Forget about 'Indiana Jones and the Temple of Pensioners' or 'Gordon Brown's School Daze'. A film that charts the life and times of IRA activist bobby Sands has won three coveted Bifftas - Golden Blanket Awards - at the prestigious Barnsley International Film Festival (Biff).
The film, "I was an innocent, murdering IRA gangster with a strange mullet", was directed by acclaimed filmmaker Martin Bormann some 60 years after his death and shot on location, very much in keeping with the IRA tradition of shootings.
The film was awarded "Best Artistic Direction", "Best Social Commentary" and "Best Storyline".
It charts the rise of Bobby Sands from pre-teen slum tearaway and antisocial reprobate to teenage slum tearaway and antisocial reprobate, highlighting the murder, robbery and mayhem he was responsible for before his capture at the hands of the Armed Forces and his subsequent stay at the H-Block Hilton.
Presenting the award for "Best Artistic Direction", sponsored by Laura Arseley, the bizarrely dressed and strangely coiffured Lawrence Llewellyn Bowen said:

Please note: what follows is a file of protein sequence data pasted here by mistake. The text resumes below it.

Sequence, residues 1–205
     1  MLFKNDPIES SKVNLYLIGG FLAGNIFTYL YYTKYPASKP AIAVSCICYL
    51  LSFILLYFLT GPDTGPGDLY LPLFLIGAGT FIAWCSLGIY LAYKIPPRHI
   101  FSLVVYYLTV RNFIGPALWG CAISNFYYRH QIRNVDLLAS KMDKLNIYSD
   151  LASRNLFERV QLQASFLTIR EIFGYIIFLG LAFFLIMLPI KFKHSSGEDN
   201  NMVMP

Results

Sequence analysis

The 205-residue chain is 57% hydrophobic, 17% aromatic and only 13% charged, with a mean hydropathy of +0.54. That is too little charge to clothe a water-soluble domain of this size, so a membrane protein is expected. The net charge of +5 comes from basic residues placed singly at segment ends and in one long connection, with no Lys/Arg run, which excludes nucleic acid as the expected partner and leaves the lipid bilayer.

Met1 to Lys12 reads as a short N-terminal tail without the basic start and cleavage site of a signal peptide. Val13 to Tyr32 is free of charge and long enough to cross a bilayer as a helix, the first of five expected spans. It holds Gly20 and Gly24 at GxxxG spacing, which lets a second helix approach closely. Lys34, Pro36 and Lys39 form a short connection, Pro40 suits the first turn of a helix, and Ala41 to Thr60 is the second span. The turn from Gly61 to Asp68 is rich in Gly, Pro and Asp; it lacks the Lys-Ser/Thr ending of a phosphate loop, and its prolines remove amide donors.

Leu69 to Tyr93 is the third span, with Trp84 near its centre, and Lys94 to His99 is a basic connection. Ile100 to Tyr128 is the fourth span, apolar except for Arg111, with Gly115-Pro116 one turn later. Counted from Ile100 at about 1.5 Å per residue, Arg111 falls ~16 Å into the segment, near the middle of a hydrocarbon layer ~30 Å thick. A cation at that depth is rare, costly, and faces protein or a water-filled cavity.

"The use of human excrement as a decoration tool surpassed even the crap I come up with on my BBC television programme. The subtle designs and brown autumnal colours complement the exotic odour, which sadly, viewers of the film were unable to enjoy. This is an extension of the docufilm genre, and I thought the casting of the lead part, played by that ugly bloke with the bug teeth from EastEnders, you know, the one who had the dog, Jackson Wellard or whatever his name is, was frankly, brilliant."
The "Best Social Commentary" award, sponsored by Slimfast, was presented by Vanessa Feltz, herself no stranger to radical weight loss. She said:
"The willpower of that man to lose weight was astounding, and sets the standard for all of us - except of course bulimics and anorexics- although they don't know how to smear excrement on the wall as well as he did. His weight loss was astounding, and it is no wonder to me that he deservedly won the Kellogg's "Slimmer of the Year" competition in 1981."
For the final of the three awards, "Best Storyline", the late James Connolly, one of the original 1916 Irish Easter Rising heroes took centre stage. Sadly, having been dead for over 90 years, he didn't have must to say.
Gerry Adams has a beard.